Dora the Explorer’s ‘Tween’ Makeover

Dora the Explorer has grown up and this is her new look.  She’s now at middle school and has moved to the city for all new adventures.   My first instinct was to scream at my computer and curse toy marketing people everywhere.  Then I thought about it a bit and I don’t think I’m going to mind Dora’s new makeover.

Here are my reasons

1. She doesn’t look like a Bratz, her clothes are modest and non slutty.

2. All girls have to grow up, Miss L grew out of Dora about a year ago.

3. Umm there aren’t any really good female TV role models for the 5-8 market. I can’t think of one?

4. I refuse to let my daughter watch Hannah Montana/She’s So Raven rubbish. I don’t want my 6 year old talking like a 14 year old Disney Starlet.

That said I just showed Miss L the new picture and she said she likes the old one better.   So maybe I have nothing to worry about for a while.

What do you think of the ‘new’ Dora?

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  1. I just showed this pic to Heather who recognised her as Dora and said she looked pretty. I think she looks OK not too tarty like some of the other characters, we do not subscribe to the Bratz school of marketing. Hopefully she will continue to be a positive role model for that age range. In some respects a good way to move her forward and allow the children to still share in her experiences.

    1. That’s how I think of it. I like the idea that Lily can follow her adventures as a slightly older child. I’m just relieved that they haven’t gone the ‘Bratz’ route to age her.

  2. I’m a bit peeved. Her hair’s not practical for exploring and I don’t like that she’s gone all pink and purple and has earrings. By all means make her pretty but I liked the fact before that her clothes were real explorers’ clothes (kinda).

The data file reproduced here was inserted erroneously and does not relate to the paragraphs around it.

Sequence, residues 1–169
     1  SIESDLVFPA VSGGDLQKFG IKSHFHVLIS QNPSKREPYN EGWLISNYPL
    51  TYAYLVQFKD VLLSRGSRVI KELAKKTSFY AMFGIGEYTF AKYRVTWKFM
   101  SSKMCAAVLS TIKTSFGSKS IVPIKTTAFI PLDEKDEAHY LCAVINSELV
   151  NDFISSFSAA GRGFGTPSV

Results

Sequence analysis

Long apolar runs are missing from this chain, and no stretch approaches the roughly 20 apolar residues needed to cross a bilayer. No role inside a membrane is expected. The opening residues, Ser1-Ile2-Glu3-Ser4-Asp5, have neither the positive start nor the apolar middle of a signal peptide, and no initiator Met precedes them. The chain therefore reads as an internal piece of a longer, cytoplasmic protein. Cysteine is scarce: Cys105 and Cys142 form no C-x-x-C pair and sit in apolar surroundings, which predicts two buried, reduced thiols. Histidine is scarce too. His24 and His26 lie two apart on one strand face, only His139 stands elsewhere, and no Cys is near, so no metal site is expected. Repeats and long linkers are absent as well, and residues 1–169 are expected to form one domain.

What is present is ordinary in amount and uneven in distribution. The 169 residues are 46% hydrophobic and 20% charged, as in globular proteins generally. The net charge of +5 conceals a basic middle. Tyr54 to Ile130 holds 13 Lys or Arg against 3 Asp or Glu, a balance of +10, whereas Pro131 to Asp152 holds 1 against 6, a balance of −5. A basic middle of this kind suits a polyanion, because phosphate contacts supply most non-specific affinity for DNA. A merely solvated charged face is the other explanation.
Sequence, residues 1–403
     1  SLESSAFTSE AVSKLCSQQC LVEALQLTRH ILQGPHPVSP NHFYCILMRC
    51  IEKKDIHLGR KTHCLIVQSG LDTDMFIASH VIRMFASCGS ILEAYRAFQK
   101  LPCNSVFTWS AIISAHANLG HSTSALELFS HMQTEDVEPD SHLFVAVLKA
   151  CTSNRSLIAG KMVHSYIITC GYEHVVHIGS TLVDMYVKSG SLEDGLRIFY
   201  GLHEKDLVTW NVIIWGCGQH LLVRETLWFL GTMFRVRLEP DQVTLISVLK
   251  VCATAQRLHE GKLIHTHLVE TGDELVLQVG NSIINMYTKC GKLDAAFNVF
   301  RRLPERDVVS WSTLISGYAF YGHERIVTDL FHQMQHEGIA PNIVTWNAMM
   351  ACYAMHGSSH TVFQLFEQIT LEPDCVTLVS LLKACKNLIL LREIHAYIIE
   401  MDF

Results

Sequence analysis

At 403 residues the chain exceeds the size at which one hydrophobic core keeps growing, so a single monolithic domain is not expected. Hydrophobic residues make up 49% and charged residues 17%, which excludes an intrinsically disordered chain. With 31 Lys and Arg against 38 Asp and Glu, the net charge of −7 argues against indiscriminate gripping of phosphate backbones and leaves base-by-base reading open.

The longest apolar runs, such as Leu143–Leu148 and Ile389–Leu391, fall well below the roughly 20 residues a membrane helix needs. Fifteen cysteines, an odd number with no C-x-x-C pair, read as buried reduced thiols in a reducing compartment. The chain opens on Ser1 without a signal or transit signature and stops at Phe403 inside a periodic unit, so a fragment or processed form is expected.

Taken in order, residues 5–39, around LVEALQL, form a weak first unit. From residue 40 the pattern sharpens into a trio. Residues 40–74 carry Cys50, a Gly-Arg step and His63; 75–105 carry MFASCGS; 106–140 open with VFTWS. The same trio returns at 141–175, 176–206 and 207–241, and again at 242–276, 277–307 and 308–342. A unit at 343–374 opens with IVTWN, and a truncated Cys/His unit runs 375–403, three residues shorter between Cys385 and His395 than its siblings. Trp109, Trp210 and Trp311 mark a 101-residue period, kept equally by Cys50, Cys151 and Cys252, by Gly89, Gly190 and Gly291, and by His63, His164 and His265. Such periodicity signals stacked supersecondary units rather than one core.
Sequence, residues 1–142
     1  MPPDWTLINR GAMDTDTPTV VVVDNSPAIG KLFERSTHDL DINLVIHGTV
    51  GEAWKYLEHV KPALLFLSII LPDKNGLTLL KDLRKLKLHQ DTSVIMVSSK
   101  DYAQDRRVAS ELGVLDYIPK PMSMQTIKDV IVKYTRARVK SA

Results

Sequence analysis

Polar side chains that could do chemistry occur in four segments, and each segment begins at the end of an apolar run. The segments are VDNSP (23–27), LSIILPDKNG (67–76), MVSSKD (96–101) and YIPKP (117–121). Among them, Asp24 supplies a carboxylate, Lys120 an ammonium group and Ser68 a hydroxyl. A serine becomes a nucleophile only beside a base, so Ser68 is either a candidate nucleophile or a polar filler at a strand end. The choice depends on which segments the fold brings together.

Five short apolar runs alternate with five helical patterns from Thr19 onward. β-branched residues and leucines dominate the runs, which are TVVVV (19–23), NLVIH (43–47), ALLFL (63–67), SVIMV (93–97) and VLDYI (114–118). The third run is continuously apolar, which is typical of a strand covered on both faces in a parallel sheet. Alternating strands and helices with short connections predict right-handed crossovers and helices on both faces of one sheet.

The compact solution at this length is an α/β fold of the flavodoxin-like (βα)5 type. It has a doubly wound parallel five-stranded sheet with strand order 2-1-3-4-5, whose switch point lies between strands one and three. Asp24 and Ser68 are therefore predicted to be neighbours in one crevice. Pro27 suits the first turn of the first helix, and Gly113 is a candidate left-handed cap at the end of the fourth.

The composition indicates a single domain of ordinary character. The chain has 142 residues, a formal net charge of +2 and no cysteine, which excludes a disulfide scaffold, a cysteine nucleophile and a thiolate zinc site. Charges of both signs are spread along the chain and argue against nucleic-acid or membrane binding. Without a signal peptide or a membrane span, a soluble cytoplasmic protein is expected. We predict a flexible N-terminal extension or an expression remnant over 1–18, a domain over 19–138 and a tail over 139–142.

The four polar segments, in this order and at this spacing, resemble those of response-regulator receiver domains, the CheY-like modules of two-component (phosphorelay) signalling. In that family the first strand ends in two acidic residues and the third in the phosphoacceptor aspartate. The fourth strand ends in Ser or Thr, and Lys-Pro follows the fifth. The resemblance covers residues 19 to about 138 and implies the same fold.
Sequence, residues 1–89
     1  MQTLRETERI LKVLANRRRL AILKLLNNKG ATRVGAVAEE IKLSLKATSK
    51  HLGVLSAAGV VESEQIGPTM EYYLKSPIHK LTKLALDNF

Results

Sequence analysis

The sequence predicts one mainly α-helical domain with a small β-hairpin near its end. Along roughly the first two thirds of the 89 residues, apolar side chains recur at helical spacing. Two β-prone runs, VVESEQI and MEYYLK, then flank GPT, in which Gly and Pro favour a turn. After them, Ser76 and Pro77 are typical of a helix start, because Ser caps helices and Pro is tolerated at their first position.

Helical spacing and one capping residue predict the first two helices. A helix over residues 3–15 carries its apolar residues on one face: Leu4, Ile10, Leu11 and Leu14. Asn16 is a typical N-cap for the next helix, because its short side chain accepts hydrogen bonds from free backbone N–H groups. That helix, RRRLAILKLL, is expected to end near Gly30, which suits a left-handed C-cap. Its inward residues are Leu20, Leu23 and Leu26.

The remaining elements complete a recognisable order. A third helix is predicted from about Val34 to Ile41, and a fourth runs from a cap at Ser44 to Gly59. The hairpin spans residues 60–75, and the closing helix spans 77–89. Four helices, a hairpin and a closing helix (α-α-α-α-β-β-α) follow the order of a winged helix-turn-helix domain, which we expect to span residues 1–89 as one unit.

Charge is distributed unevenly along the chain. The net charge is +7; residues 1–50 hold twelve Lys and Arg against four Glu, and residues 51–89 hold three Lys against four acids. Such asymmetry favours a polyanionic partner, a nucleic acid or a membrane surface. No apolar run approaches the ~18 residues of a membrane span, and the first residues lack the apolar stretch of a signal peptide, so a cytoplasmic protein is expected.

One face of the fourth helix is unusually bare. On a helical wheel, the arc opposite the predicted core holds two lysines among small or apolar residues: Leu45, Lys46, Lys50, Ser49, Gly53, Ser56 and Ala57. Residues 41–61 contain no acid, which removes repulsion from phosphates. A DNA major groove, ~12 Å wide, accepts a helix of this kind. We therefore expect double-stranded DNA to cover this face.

And I hope she still goes exploring while she’s in the city. It’s not just that there are no role models for growing girls, there are also no girl role models at all who are adventurous, brave and sporty but still attractive and fun. I already feel that my 4 year old is having to choose between pretty and girly or adventurous and tomboyish when it is perfectly possible to be a pretty, adventurous GIRL.

  3. I had no idea. I’ll have to check that out. I completely agree abt steering clear of the Bratz/Hannah Montana/too old too fast scene. My daughter’s classmates play HS Musical on the playground at recess and it makes me want to pull my hair out.

    My gal is really in the reading the Rainbow Fairies, and although some of them show their belly buttons (not sure why they had to go there), they seem to be benign and we enjoy reading them together. I think they originated in the UK (??) by Daisy Meadows.

  4. Probably a good marketing move, but I kinda liked her the other way. Now she looks like girls think they should look long straight hair, slimmer, etc..

  5. i like the new Dora. She looks like by co-workers little sister. The long hair and her clothing.